On a bluebird Monday morning in late August just after the last big dump of a season in Australia, my colleague and I were heading up the Sponars T-bar at Thredbo chatting all things life and snow.
The conversation shifted to injuries, both of us saying how lucky we’d been over these years having managed to avoid the injury “snow-tax” that it seems most have to pay at some stage.
We stood at the top of our favourite gully just off the T, I remarked how good the upcoming run looked and headed off first (because who likes to wait right?).
Almost immediately into my first turn I felt my tips stop me dead in my tracks, hitting something under the snowpack which sent me double-ejecting over the top of my skis.
My left binding held on for a fraction of a second before releasing, putting all the force through my ankle and causing it to dislocate, with the bottom of my tibia bursting apart at the same time.
And just like that, I finally paid my “snow tax”!
Now approaching three months after my injury, I’m by far no means fully rehabilitated. However having experienced a few home truths as a patient first hand, I thought they would be worth sharing.
Yes it hurts now, but won’t forever
Pain is pretty amazing beast. It commands our attention, threatens our thought patterns and instils fear and doubt in the best of us.
Even with a post-graduate degree that involved a whole semester on pain science, I was still blown away at how many different types of pain my brain could interpret from my nervous system following my injury.
“Hot”, “sharp”, “achy” and “raw” were all words I used to describe to what I have been feeling over the past months.
If I wasn’t already before, I am now acutely aware how worrying this must be for anyone going through his or her own rehabilitation, but rest assure its normal.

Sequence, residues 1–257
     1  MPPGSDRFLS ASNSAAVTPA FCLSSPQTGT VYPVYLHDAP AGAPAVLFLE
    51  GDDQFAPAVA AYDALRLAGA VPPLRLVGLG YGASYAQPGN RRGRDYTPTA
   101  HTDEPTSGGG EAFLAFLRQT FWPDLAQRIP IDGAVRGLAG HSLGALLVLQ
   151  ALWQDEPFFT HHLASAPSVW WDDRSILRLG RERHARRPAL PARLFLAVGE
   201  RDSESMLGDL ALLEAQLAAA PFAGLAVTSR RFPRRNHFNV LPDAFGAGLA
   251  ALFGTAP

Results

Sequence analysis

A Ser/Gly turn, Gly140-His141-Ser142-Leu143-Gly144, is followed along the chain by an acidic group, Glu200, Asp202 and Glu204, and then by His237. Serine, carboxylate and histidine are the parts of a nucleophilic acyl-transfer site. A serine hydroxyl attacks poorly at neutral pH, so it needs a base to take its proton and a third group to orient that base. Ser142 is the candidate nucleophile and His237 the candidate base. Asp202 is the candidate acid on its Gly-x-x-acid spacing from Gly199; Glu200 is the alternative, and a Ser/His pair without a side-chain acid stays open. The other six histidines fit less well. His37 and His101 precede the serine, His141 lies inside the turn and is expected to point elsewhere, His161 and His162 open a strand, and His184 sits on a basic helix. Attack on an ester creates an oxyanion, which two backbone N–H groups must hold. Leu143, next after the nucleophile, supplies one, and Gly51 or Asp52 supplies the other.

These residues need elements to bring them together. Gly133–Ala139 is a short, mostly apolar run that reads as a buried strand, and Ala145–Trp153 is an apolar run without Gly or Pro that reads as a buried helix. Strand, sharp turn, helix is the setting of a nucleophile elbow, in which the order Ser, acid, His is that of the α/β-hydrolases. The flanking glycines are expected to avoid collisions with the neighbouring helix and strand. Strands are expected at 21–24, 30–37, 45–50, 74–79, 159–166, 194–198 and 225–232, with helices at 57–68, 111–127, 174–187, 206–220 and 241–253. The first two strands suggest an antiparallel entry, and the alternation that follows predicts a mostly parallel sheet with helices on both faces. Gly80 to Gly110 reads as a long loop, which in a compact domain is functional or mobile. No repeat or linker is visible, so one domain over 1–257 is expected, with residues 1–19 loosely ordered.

It really reinforced the importance of a good sports physio for the length of your rehab journey (lucky I know a good one).
Two steps forward, one step back
As a physio student, my textbooks lead to believe that my patient’s recovery will follow a lovely linear progression of steady improvement based on the weeks and months of tissue healing models that they described.
But tissue healing is just one of the many parts of this very complex process occurring.
Your activity level, rest, sleep, state of mind and mood are all factors that have a part to play here.
I was so excited the first time I was able to ride an exercise bike for 30 mins a few weeks back, only to have my ankle completely seize up the next day and being nicknamed “Peg-leg Pete”.
Rehabilitation involves huge fluctuations in healing and pain, which invariably brings the emotional highs, lows and setbacks with it.
It’s all connected
Anyone who has been through a lengthy rehab process will remember its secondary effects on other parts of the body.
Muscle wasting, joint stiffness and soreness in adjacent tissues are well-understood consequences of injury.
But perhaps what is less well recognised is the impact of an injury on our brains ability to sense where we are in space, or its ability to react quickly.
These lesser known deficits can often slide under the radar in late stage recovery, and their impact on future injury risk and performance is well researched.
It is vital that you partake in a well-rounded rehab program that reflects the demands of your various athletic pursuits.
Another doozy to get your head around is getting back out on the hill once you’ve been given the all clear to do so.
By the time you are ready to hit the slopes again after a lengthy rehab, you’ve had months to mull over the “could have”, “would have” and “should haves” of your injury.
And so understandably this may instil some fear and doubt in us over something like this happening again.
It’s not going to come as a surprise when I say that the best antidote to this is excellent physical preparedness.
We want you to be as robust as possible, and in most cases, even stronger than before your injury in order for you to be really confident both physically and mentally to get out there again.
Not all heroes wear capes
I have encountered some pretty amazing people following my injury. Calm and collected patrollers, my orthopaedic surgeon, friends, family, colleagues and the kindness of strangers do not go unnoticed when you are injured.
The silver lining to this whole process for me is the realisation that I’m lucky enough to have these people around me – so here’s a quick moment to say a thank you to them all.